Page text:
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Create Interest for a More Effective Yellow Pages Ad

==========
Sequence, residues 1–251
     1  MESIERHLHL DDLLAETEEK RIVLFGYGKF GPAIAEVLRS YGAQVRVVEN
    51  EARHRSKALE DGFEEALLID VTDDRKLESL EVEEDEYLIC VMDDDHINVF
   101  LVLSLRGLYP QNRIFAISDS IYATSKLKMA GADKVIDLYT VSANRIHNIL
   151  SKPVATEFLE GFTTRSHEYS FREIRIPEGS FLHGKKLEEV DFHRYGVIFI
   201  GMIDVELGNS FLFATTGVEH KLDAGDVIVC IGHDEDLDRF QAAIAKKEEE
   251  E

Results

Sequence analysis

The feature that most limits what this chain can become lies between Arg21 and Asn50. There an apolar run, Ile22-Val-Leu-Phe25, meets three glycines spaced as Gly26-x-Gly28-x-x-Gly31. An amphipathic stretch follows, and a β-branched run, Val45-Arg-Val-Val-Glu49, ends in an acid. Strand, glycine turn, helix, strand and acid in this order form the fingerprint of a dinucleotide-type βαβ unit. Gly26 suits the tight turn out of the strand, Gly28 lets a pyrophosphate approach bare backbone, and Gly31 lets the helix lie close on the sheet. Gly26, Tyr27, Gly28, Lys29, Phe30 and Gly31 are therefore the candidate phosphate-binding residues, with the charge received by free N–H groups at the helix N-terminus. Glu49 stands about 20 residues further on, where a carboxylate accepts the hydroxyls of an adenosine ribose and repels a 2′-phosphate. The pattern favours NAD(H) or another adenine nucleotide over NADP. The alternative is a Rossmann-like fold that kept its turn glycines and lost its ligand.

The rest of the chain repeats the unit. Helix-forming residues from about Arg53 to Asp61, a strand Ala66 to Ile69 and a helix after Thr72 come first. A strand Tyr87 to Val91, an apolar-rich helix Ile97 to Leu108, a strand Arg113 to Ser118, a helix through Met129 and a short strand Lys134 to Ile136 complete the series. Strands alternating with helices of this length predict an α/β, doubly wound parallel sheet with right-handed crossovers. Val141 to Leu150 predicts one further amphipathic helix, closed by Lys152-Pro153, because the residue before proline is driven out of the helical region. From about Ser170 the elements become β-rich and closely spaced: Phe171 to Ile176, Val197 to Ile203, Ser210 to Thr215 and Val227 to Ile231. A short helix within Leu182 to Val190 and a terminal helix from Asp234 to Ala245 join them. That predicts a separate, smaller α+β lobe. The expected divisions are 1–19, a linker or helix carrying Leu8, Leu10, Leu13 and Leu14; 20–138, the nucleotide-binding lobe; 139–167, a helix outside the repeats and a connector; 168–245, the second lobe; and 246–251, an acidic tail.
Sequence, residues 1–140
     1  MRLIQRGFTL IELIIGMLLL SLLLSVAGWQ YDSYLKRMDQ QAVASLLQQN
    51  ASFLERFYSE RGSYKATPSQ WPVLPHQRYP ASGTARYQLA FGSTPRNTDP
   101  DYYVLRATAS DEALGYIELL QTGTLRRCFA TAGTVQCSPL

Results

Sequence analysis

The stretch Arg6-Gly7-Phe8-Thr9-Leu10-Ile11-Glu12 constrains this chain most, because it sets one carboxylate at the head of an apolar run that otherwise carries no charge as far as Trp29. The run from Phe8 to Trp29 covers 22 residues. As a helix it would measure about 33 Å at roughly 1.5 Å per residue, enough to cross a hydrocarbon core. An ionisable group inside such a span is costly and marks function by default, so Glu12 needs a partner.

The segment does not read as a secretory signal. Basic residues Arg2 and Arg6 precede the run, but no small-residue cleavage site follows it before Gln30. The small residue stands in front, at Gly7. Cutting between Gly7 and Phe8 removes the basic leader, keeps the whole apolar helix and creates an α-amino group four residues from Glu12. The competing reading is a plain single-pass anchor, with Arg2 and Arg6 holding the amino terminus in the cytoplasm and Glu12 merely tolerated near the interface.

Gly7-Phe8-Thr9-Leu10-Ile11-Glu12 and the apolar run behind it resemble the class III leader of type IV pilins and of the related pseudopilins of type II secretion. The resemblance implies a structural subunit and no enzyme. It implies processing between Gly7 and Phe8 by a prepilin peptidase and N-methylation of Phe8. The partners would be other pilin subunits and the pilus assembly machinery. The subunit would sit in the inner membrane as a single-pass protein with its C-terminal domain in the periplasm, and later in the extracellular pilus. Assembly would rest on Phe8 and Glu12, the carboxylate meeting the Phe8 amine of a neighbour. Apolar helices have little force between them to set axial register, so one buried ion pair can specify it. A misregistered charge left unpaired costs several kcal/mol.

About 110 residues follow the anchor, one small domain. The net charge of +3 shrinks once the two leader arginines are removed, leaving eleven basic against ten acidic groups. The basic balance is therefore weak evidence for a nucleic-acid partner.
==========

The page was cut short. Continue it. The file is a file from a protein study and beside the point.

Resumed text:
Part 2 of a 4-Part series on Yellow Pages ad design In part 1 of this 4-part series, we discussed attracting attention to your Yellow Pages ad. Today, in part 2, we are looking at a closely related topic - creating interest. As a Yellow Pages user scans the pages of a particular heading in the directory - their eyes are jumping from one focal point to another. They are also filtering what their eyes are seeing based on criteria that are both conscious and subconscious. The content of the focal point that you design in your ad to momentarily stop their eye needs to get caught by this filter and immediately create enough interest for the user to want to stay and dig a little deeper into the rest of your ad.  The Scan­ An example of the filtering process mentioned above would be similar to someone scanning a list of names looking for their own. The human brain is so powerful - we don’t need to read every name because in our mind we have a set of criteria or filters defining what our name looks like. We can quickly identify our name from very long lists arranged in random order. This is mostly a conscious process. But what happens if you scan across something in the list you were not consciously looking for, like the name of a good friend. Your mind actually identifies the name based on subconscious criteria and we find our conscious self surprised by the name we just discovered. This is why, in addition to attracting attention, creating interest is so important. Someone could be scanning the pages with your brand in mind or your particular service, but if the subconscious filter grabs onto something in another ad before your brand or service is found then your chances of getting that phone call just dropped dramatically. The Logo Trap One of the traps many companies fall into with their Yellow Pages ads is making their name or logo the overwhelming focal point of their ad. They are proud of their name and their business and want to shout it from the mountain tops. They place it top and center and make it the largest item in their ad. Unfortunately if the Yellow Pages user is unfamiliar with your company or brand, there is little chance of a connection, either conscious or subconscious. Leveraging Your Headline If you are using a headline (I highly recommend it), it should be between 5-8 words long and occupy about 10-25% of the ad. It needs to be concise. Avoid using unnecessary adjectives and keep the message simple and clear. The message is critical and needs to relay the benefit of choosing your company to the Yellow Pages user. This is not an easy task and should be given ample thought. Many times when I ask clients for the benefits of choosing their company I get a list of products and features. Your products and features may be impressive but what people really want to know is how those products and features will benefit them and make their lives easier or better. The headline also needs to differentiate you among your competitors. In many industries this task is nearly impossible. Sometimes companies may be limited by government regulations or sometimes the technology or service has limitations. In these cases you may be able to create a perceived difference by using a unique approach to communicating the benefit or your brand. Service or support differentiation is another approach but has to include a reason to believe such as a guarantee, promise or customer testimonial to be believable and effective. Leveraging Your Image The image or photo in your ad should be unique, realistic (not staged looking), relevant to the category and also must support the headline. It should display the solution to the problem driving the user to the Yellow Pages. Reflecting the problem back at the user generally reduces the effectiveness of Yellow Pages ads. You can create additional interest in your ad by highlighting special offers like discounts, coupons, free services or free information. These are most effective when they are given special treatment like bold text or reversed in a circle, starburst or other interesting shape. We’ve attracted their attention and now we’ve got them digging in to the content of your ad. In part 3 we will be looking at answering a need with the general content of your ad.  Are people digging in to the content of your Yellow Pages ad? Leave a comment and let us know.